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'Resistance and Nationalism' - Professor David Marples

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A discussion of the contrasting application of resistance theory to the situation in Belarus in two eras: under Nazi occupation during the Second World War; and under the current authoritarian regime of President Aliaksandr Lukashenka. The modern state in many ways rests on the traditional theme of Partisan resistance to the occupant in harmony with the local population, based on principles of resistance enunciated initially by V.I. Lenin. But the victory achieved is identified with a collective Soviet identity that has undergone a metamorphosis in the independent state into modern-day civic nationalism that attempts to conceal another form of nationalist resistance: that of ethnic Belarusian anti-Soviet forces during the war, and the contemporary national opposition in the republic today, manifested most notably in the Belarusian Popular Front and the Young Front. Is it possible to reconcile these forms of state nationalism and their divided historical memory?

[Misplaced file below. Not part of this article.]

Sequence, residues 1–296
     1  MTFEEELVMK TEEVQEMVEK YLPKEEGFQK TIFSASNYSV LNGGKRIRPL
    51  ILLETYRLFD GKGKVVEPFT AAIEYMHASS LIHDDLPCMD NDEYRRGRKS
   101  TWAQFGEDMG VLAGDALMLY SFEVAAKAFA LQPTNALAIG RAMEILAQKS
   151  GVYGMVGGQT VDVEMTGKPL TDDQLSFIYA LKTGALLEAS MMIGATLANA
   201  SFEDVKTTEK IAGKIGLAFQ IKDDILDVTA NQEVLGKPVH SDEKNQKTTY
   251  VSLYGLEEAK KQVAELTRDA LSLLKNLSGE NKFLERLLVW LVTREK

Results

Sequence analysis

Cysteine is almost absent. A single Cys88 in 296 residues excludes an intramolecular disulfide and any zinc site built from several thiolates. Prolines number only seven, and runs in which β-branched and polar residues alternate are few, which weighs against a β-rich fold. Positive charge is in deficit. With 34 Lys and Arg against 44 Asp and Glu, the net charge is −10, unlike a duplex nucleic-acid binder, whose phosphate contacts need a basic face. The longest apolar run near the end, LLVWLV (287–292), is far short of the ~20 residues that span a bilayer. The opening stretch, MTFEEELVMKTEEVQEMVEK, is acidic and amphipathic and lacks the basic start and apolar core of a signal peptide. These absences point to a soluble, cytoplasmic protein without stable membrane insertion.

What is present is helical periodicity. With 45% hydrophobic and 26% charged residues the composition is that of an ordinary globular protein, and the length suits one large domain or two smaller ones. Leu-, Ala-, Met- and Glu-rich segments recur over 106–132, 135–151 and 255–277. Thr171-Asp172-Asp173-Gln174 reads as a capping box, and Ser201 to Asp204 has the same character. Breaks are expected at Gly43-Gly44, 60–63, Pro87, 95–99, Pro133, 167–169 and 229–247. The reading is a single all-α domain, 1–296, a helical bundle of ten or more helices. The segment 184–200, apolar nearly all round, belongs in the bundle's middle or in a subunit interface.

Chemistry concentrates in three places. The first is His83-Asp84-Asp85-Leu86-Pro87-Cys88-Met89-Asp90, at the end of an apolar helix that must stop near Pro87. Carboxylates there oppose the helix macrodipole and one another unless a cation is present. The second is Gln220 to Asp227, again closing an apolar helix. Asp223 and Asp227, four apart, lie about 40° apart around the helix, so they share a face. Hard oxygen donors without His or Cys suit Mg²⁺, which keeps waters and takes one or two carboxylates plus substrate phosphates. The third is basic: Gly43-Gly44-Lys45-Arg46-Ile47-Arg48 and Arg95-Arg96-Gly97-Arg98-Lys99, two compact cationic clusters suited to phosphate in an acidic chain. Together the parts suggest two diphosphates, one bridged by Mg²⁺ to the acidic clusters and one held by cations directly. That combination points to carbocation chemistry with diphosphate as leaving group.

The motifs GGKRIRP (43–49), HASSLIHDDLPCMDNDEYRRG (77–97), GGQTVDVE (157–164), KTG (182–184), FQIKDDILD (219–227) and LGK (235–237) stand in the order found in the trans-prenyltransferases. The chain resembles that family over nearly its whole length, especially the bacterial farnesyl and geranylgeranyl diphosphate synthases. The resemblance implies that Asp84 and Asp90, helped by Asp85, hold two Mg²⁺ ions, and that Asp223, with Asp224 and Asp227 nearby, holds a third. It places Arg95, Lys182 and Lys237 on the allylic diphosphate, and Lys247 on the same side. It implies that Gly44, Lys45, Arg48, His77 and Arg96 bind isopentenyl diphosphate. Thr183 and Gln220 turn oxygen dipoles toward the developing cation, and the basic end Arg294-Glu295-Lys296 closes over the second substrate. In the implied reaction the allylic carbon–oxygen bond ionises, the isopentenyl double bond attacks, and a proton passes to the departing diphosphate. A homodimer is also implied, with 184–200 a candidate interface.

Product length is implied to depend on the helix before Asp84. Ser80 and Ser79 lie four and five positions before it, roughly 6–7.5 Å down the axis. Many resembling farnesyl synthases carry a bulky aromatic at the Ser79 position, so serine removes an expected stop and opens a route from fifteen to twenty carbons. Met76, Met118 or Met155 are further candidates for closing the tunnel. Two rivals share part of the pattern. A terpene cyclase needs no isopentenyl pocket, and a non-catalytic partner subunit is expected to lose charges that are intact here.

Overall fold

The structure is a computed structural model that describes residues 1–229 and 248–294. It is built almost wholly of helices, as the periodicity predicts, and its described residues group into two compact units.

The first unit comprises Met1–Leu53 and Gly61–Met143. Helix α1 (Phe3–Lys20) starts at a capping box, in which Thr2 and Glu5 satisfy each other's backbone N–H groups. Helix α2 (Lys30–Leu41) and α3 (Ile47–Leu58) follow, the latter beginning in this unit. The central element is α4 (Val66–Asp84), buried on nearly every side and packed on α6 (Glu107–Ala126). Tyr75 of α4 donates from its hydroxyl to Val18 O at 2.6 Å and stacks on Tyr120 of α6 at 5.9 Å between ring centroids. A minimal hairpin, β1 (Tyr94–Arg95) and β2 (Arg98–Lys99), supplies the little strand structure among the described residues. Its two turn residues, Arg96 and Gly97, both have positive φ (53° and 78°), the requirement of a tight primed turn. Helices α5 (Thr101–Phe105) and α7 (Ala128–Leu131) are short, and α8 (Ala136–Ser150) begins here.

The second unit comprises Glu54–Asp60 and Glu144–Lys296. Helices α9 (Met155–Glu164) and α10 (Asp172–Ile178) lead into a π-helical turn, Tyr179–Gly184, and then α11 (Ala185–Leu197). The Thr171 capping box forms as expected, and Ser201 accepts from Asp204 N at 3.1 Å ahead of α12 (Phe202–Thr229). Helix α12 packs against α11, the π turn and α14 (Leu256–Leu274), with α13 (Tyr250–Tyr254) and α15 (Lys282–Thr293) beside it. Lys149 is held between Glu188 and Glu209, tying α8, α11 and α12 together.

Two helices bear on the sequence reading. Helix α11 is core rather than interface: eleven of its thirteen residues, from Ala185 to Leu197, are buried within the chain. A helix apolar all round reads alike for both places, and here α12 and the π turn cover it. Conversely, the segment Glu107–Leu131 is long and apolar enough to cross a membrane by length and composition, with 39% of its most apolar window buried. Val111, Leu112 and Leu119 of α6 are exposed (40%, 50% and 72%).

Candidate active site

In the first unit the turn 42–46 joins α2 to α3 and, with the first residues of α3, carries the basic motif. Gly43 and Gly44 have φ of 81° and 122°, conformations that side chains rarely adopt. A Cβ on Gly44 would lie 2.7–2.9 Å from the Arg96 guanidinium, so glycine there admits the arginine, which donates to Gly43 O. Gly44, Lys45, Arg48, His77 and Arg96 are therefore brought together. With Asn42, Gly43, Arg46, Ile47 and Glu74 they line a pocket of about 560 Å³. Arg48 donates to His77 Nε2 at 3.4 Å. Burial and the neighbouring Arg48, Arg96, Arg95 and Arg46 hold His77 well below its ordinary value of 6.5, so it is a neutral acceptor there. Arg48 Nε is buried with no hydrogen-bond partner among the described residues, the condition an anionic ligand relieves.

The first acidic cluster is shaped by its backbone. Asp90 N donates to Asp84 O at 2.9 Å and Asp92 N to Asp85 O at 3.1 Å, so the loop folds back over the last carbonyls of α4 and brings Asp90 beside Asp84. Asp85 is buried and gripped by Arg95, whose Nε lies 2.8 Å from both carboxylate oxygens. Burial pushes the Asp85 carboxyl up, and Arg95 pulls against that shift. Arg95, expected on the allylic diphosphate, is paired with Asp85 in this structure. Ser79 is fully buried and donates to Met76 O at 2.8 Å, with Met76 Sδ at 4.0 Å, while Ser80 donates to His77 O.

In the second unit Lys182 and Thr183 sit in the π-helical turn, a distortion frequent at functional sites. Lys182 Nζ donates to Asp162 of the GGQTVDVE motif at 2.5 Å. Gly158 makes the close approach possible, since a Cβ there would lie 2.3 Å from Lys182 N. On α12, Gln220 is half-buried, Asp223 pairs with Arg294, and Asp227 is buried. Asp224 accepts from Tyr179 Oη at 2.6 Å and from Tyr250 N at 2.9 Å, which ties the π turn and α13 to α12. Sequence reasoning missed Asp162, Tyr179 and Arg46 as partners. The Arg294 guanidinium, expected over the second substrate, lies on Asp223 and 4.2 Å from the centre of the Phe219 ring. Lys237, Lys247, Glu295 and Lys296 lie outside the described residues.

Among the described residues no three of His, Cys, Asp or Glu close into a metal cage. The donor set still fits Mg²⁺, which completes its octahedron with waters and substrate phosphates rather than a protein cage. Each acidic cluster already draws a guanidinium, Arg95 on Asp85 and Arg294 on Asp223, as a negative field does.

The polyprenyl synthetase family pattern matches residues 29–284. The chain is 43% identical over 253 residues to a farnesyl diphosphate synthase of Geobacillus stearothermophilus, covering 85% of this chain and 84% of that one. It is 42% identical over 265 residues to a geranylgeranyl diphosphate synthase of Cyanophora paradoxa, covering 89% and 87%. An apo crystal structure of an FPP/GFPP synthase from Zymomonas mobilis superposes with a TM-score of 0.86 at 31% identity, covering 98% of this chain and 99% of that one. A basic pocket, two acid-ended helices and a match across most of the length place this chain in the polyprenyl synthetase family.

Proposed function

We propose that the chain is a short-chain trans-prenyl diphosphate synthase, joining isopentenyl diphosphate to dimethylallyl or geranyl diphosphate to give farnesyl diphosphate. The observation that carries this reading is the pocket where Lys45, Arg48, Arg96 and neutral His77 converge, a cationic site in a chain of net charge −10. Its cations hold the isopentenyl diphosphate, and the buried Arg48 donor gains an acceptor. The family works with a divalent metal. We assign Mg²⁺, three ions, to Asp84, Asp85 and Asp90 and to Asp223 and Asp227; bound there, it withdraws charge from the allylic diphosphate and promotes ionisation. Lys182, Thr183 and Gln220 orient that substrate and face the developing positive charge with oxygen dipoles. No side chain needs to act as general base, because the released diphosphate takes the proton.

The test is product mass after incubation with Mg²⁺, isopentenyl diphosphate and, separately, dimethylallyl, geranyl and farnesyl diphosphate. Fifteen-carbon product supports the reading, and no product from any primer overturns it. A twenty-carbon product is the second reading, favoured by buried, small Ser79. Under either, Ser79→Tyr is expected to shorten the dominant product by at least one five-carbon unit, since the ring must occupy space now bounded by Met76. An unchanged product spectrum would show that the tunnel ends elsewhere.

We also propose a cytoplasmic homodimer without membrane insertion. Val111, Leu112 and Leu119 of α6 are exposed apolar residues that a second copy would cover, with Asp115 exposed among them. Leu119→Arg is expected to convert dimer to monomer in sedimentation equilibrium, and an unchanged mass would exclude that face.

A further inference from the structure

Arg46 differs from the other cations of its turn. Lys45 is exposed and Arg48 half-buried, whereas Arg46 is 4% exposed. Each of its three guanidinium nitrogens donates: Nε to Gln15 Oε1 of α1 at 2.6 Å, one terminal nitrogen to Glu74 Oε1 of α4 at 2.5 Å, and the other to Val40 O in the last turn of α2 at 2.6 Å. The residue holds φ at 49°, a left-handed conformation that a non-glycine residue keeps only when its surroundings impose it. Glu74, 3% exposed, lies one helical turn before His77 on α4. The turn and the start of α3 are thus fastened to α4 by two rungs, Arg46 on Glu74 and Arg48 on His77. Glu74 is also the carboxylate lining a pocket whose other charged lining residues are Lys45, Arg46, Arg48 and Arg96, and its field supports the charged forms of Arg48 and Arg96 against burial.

Professor David Marples (University of Alberta) will deliver the fifth lecture as part of the ‘Resistance in Russian and Eastern Europe’ public lecture series, organised by the Department of Slavonic Studies and the Cambridge Committee for Russian and East European Studies.

This talk is part of the Slavonic Studies series.

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